As I was reading More Than Love Letters by Rosy Thornton, I kept having to pause in amazement. We all have preferences as readers, certain professions we like to read about, certain setting or clichés we never tire of, you know the sort of thing. If I had listed all of my predilections out prior to reading this book, I would have been able to check off almost the entire list as I paged through it. It was eerie. Earnest, idealistic young heroine who also happens to be a vicar’s daughter? (I am oddly fascinated by vicars). Check. Intelligent, older male hero? (Thornton gets extra points for such a large age gap – seventeen years). Also check. Politicians, teachers, immigrants, women’s groups and a promiscuous best friend to balance our heroine? All conveyed in epistolary form? Seriously people, it’s likeThornton tapped directly into my brain. And the cultural references! A dog named after W.G. Snuffy Walden! A heroine named after Margaret Hale with a best friend called Rebecca, who is not necessarily well pleased at have been named
…after the Daphne du Maurier (or in fact more likely the Hitchcock). Having read the book, at age fifteen, I took her to task about naming me after someone who is so obnoxious, so faithless and philandering, that she ends up drowned for her trouble – and has an extremely questionable relationship with her housekeeper. It seems to have passed Mam by completely that Rebecca wasn’t the name of the heroine.
There’s even a reference to Anne Shirley’s Miss Stacy. Surely that cannot be improved upon?
When MP Richard Slater begins receiving letters from a constituent on an odd and eclectic array of local issues, he dismisses them as the ramblings of some crackpot. After all, surely with a name like Margaret she’s some old biddy with too much time on her hands and an ornery disposition. But Margaret Hayton is in fact an energetic young teacher, determined to improve the world, whether it be by demanding action from her MP or by throwing herself into her volunteer work with WITCH (Women of Ipswich Together Combating Homelessness). When the two finally meet, Richard is instantly smitten and with his cynicism challenged by Margaret’s convictions, he finds himself not just in love but entangled in the plight of a young Albanian refugee.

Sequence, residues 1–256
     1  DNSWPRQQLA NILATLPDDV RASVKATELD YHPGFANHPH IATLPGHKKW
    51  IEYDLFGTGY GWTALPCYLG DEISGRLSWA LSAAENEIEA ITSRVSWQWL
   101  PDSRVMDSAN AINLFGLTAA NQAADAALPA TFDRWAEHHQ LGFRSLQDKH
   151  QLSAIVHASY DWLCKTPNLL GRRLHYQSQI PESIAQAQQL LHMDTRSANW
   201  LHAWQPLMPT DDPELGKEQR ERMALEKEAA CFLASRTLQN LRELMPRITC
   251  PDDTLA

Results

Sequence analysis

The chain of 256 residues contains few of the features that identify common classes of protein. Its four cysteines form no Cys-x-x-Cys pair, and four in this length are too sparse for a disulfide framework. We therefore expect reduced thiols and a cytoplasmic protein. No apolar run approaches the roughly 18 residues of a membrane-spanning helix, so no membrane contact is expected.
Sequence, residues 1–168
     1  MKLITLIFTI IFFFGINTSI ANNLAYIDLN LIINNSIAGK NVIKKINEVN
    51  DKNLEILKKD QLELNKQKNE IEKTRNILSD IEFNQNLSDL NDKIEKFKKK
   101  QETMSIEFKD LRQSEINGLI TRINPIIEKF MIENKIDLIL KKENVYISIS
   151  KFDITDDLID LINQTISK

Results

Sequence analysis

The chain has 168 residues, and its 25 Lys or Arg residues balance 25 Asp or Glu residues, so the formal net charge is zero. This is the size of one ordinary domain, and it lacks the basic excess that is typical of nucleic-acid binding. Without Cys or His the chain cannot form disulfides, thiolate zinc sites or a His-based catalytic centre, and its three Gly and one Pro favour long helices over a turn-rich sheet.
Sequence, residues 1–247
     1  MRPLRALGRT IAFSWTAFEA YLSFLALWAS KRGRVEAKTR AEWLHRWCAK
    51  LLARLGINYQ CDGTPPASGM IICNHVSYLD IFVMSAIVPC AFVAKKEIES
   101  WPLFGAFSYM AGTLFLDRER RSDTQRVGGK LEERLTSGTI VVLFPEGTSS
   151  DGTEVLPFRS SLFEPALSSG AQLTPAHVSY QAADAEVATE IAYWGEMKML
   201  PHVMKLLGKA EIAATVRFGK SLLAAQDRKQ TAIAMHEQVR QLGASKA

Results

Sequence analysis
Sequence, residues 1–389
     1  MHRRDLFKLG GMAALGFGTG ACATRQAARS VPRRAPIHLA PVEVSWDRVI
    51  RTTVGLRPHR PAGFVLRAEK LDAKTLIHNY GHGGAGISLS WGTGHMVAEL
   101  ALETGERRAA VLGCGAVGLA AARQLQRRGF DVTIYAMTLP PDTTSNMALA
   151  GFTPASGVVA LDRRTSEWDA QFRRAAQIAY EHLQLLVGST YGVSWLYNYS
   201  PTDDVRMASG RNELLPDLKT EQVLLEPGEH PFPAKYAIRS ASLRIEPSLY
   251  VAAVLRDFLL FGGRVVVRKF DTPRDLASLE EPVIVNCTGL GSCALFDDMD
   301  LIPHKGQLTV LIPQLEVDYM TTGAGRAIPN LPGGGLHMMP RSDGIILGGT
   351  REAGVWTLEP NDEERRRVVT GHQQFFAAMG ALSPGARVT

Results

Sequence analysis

More Than Love Letters is an interesting mix of literary conventions, part old-fashioned love story, part political satire, all thoroughly imbued with a feminist message. The romance between Margaret and Richard is actually quite straightforward. They both like one another from their first meeting and their relationship progresses very naturally, never quite take center stage over the other dramas at play in the novel. And that is one of the problems: no one storyline every really seems to form at the center of the book. With so many characters, many actively involved in the storytelling as letter writers themselves, you become invested in all of their tales. You care about Margaret’s friend Bec’s misadventures in love. You are hopeful for the women in the WITCH house; their very real troubles provide an unexpectedly dark dose of reality in what I had expected to be a relatively light read. You grow attached to Margaret’s grandmother and intrigued by her landlady, Cora. Such confusion of focus is one of the perils of epistolary novels but it does make the story seem more real. In real life, such a disparate group of people really do have a number of different problems all operating on the same timeline. Things do not magically converge around a pair of lovers, nor do their lives or problems stop just because they are trying to come to terms with a new relationship.
I had a lot of fun reading this and was delighted by how many surprises it offered. I had been intrigued by it for some time and troubled that my library did not have a copy (as I’m sure we all know by now, I have difficulty convincing myself to purchase anything I haven’t already read). I finally broke down and bought a second-hand copy and I am delighted that I did – a very worthy $7 investment! Now I shall forever have to hand a sweet and original novel that perfectly encapsulates so many of my reading preferences.